On the face of it, the economic update that the US government is releasing on Friday should be a big yawn. Economists expect the revised numbers to confirm what we know already - that gross domestic product grew at an annual rate of just 1 per cent in the final three months of 2015.

But it would be a mistake to dismiss the release - even if you're off from work for the Easter holiday. That's because the US government also will be publishing its first estimate of what happened to company profits in the period. And the news isn't expected to be pretty.

Pre-tax earnings probably fell 9.5 per cent in the fourth quarter from a year earlier, after dropping 5.1 per cent in the third, according to economists at JPMorgan Chase in New York. That would be the biggest decline since the 31 per cent free fall in the closing months of 2008 during the height of the financial crisis.

Profits last quarter probably were unusually depressed by a $20.8 billion penalty payment by BP to settle claims over the 2010 oil spill in the Gulf of Mexico. But even after stripping out that one-time charge, earnings likely still fell about 5 per cent, by JPMorgan's reckoning.

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The risk is that they'll respond to the margin squeeze by cutting back on hiring and spending, leading to a recession.

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Why is that important? Well, history shows that when profits fall, the economy often follows them downwards. An earnings hit of the size that JPMorgan says is taking place has led to a recession within three years about 90 per cent of the time.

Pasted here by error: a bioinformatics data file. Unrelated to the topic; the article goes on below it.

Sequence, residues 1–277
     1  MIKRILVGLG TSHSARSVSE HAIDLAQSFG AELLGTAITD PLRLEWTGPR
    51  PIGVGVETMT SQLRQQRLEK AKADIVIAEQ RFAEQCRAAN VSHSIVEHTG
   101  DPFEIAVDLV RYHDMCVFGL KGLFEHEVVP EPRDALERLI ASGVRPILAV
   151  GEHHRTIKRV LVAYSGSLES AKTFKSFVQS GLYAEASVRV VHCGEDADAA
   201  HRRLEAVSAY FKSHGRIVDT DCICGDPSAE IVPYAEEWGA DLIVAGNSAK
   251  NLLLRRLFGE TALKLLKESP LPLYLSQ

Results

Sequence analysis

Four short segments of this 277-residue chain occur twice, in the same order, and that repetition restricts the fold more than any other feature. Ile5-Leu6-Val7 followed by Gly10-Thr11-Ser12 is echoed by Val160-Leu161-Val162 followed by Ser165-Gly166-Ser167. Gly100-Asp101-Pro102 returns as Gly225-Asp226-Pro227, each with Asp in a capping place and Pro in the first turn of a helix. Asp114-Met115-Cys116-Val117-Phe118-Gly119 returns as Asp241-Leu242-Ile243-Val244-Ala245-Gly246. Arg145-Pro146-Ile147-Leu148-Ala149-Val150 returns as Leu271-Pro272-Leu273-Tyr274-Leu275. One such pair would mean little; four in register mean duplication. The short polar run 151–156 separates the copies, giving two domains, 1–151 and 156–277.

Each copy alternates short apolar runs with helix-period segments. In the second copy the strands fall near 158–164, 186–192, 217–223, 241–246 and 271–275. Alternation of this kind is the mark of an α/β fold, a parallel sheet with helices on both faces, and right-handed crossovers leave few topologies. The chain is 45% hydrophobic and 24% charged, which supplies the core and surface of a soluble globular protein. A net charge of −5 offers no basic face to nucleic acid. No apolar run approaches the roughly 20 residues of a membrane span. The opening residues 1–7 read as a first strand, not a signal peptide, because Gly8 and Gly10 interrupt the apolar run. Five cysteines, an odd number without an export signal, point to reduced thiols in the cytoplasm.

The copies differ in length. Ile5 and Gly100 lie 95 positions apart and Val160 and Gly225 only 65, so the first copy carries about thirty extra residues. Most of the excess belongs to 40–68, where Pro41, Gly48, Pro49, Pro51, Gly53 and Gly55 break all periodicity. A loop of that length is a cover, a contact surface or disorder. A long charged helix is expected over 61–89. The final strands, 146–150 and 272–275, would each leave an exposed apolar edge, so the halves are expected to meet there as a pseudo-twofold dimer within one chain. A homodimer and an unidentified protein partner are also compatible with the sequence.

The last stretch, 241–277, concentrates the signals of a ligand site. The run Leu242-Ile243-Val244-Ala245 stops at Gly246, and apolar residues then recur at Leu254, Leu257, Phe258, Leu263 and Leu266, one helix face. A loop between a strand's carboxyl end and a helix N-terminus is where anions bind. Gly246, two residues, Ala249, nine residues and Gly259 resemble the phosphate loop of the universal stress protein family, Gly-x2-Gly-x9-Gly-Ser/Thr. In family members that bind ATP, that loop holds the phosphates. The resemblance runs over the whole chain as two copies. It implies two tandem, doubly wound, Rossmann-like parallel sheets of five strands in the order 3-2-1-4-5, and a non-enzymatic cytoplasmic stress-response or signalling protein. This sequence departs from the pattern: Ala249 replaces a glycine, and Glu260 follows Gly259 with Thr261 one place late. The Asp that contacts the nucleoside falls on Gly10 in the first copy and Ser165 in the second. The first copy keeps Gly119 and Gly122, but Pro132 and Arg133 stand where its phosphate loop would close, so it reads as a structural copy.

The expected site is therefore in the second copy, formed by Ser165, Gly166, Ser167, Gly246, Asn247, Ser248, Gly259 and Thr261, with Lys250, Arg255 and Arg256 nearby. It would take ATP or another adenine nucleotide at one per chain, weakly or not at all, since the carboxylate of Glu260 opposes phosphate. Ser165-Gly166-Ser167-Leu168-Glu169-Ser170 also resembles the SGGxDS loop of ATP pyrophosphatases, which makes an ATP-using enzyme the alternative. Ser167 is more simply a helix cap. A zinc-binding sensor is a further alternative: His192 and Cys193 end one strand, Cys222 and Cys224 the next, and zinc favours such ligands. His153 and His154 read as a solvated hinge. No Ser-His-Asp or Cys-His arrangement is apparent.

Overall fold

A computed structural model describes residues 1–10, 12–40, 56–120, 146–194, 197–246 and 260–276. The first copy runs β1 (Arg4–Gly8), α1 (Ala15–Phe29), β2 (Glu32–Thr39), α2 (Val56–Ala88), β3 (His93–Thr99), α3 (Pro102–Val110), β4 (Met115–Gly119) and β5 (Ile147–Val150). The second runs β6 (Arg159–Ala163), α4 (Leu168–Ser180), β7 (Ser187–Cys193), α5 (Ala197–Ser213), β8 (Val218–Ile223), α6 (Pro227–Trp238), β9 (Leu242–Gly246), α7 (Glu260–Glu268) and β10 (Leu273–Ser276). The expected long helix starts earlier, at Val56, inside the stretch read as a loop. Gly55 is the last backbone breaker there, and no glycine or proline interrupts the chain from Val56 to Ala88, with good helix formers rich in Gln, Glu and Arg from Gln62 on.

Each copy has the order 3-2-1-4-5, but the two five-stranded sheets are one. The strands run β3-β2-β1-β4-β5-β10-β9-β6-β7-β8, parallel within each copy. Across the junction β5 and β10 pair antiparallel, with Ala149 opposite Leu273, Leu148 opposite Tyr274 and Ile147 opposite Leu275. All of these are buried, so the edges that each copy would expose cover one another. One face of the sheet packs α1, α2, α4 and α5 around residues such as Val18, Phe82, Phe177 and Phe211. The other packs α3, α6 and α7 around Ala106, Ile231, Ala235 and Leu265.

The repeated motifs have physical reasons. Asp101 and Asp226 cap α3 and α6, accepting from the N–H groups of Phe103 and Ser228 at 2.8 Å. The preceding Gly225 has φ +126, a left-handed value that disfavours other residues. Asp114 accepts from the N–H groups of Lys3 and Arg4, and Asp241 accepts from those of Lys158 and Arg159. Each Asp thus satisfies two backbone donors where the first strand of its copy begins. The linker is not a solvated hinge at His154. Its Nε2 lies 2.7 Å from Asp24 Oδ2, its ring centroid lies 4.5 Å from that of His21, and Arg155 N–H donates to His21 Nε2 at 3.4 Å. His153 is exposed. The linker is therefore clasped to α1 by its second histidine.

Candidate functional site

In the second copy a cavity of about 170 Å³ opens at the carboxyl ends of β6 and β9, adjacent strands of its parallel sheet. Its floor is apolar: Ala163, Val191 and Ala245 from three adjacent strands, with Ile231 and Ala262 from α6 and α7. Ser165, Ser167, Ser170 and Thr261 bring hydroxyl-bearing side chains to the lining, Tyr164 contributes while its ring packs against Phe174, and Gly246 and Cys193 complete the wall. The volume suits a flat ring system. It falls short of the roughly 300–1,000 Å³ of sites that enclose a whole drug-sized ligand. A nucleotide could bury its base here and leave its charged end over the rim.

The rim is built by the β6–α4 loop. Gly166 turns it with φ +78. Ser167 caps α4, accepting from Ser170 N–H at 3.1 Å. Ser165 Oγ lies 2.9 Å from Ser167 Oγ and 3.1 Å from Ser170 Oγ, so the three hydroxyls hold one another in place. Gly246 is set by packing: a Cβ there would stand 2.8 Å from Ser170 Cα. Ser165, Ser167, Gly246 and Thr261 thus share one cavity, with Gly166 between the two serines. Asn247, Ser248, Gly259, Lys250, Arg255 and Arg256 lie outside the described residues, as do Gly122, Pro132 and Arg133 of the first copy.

Now the bank doesn't think the odds of a downturn are anywhere near that high. After all, a big reason why profits are dropping is because energy companies have been hurt by plunging oil prices, which on net should be good for the economy.

Yet that's not the only reason earnings are under pressure. Companies are being pinched by poor productivity and rising labor costs on one side and an inability to raise prices in a lackluster economy on the other. The risk is that they'll respond to the margin squeeze by cutting back on hiring and spending, leading to a recession.

"With wages picking up but productivity growing in slow motion, margins are likely to continue their declines, which have historically signaled an expansion near its end," JPMorgan economist Jesse Edgerton wrote in a March 21 research note.

The bank puts the probability of a recession beginning within two years at around one-in-two and within three years at about two-in-three. Now that's something worth paying attention to.